While most bands would probably be satisfied with a 7.5 rating, the Beach Boys aren't most bands. This is fucking Pet Sounds we're talking about, and you would have thought that Pitchfork head-honcho Ryan Schreiber would know better. Now, granted, personal taste is personal taste, and I commend him for sticking to his guns and being honest about the fact that he isn't fanatical over it, but to write that, "If this were not the Beach Boys, but some indie pop outfit on Parasol Records, it might make a few critics' Top 10 lists, if it didn't just vanish into obscurity," is just absurd. Ryan obviously wasn't taking into account the fact that Pet Sounds probably influenced every artist on Parasol Records, not to mention three plus decades worth (at the time of his review) of other pop bands. Thankfully, someone else at Pitchfork, Dominque Leone to be exact, gave the album (the 40th anniversary edition, to be exact) a higher score and a much better review in 2006.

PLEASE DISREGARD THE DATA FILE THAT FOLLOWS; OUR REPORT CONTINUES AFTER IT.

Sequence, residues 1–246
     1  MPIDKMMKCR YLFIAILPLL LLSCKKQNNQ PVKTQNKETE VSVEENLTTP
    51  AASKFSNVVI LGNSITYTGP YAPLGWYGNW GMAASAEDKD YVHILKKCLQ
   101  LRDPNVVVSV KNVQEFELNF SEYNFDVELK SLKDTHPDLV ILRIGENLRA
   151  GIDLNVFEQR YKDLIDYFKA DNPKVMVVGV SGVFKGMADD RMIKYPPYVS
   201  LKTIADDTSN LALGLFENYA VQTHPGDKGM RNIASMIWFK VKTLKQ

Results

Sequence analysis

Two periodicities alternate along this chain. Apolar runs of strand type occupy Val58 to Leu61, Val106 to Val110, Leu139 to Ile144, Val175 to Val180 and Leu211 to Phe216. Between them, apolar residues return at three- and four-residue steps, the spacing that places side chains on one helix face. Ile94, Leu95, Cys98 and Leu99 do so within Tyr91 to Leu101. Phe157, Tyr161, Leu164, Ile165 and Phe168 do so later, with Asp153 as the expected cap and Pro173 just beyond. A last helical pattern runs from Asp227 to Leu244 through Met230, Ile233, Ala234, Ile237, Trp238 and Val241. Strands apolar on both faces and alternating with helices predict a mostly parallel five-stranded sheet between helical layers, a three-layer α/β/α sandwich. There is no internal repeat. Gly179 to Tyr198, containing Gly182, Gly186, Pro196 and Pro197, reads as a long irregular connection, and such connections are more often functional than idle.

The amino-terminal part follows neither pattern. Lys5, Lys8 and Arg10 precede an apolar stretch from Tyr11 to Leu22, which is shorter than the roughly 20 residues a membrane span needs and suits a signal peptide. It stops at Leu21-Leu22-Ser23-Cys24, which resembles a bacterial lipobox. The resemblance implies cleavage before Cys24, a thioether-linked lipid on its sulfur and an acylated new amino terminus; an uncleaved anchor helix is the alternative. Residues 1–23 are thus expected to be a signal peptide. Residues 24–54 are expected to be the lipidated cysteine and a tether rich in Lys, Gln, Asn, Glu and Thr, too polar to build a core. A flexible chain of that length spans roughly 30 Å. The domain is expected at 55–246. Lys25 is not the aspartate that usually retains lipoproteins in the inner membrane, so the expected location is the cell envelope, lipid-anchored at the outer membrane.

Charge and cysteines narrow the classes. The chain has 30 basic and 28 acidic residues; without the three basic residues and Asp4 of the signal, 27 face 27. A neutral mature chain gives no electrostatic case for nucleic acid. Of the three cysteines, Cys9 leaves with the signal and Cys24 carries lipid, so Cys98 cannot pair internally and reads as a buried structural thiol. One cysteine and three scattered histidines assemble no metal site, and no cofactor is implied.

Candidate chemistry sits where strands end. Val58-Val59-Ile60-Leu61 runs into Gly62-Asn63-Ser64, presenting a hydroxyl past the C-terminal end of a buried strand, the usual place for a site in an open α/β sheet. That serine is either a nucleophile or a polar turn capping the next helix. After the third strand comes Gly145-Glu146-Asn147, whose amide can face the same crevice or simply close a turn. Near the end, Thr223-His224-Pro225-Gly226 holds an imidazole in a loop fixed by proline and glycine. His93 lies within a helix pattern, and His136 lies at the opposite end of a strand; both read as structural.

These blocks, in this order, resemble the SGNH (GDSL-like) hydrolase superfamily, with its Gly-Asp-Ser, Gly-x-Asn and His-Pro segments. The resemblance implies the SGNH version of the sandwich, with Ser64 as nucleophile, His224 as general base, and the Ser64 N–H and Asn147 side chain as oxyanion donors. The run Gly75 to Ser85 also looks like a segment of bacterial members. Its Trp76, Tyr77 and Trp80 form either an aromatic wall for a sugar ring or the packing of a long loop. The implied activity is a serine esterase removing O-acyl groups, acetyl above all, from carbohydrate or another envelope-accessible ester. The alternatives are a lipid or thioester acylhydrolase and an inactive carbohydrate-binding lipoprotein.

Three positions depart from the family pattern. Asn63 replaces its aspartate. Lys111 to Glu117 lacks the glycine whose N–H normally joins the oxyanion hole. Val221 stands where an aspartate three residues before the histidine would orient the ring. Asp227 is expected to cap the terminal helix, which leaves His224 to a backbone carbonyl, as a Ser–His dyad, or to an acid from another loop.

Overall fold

1). The Flaming Lips - Zaireeka (0.0)
Oh great, here's Jason Josephes being a douchebag once again. Zaireeka got the infamous double goose-egg score because he didn't have enough CD players to play the album properly, and instead of getting together with friends or Ryan Schreiber for a Zaireeka listening party (like your esteemed Range Life staff does on at least a quarterly basis...no, I'm totally serious), he tried listening to each disc singularly. No shit it didn't sound great, Jason. Geez man, that's like saying the Soft Bulletin sounded a bit off because you left a speaker unplugged.